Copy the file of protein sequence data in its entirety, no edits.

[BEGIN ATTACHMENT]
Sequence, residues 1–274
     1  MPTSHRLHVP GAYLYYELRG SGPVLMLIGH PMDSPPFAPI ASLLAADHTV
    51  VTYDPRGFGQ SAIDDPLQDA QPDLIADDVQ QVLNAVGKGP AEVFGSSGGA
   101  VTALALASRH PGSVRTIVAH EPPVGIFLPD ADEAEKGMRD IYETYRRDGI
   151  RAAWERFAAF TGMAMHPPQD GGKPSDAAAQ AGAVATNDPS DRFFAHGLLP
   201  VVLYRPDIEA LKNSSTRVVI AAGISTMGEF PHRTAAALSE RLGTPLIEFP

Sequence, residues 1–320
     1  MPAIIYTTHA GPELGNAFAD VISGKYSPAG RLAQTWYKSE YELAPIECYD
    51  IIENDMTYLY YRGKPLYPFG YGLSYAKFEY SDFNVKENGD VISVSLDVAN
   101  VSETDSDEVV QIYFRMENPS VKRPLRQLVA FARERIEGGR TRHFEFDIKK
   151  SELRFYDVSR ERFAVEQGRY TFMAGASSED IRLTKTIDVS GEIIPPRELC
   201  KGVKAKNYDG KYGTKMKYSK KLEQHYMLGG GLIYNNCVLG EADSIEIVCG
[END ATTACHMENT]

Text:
Sequence, residues 1–274
     1  MPTSHRLHVP GAYLYYELRG SGPVLMLIGH PMDSPPFAPI ASLLAADHTV
    51  VTYDPRGFGQ SAIDDPLQDA QPDLIADDVQ QVLNAVGKGP AEVFGSSGGA
   101  VTALALASRH PGSVRTIVAH EPPVGIFLPD ADEAEKGMRD IYETYRRDGI
   151  RAAWERFAAF TGMAMHPPQD GGKPSDAAAQ AGAVATNDPS DRFFAHGLLP
   201  VVLYRPDIEA LKNSSTRVVI AAGISTMGEF PHRTAAALSE RLGTPLIEFP

Sequence, residues 1–320
     1  MPAIIYTTHA GPELGNAFAD VISGKYSPAG RLAQTWYKSE YELAPIECYD
    51  IIENDMTYLY YRGKPLYPFG YGLSYAKFEY SDFNVKENGD VISVSLDVAN
   101  VSETDSDEVV QIYFRMENPS VKRPLRQLVA FARERIEGGR TRHFEFDIKK
   151  SELRFYDVSR ERFAVEQGRY TFMAGASSED IRLTKTIDVS GEIIPPRELC
   201  KGVKAKNYDG KYGTKMKYSK KLEQHYMLGG GLIYNNCVLG EADSIEIVCG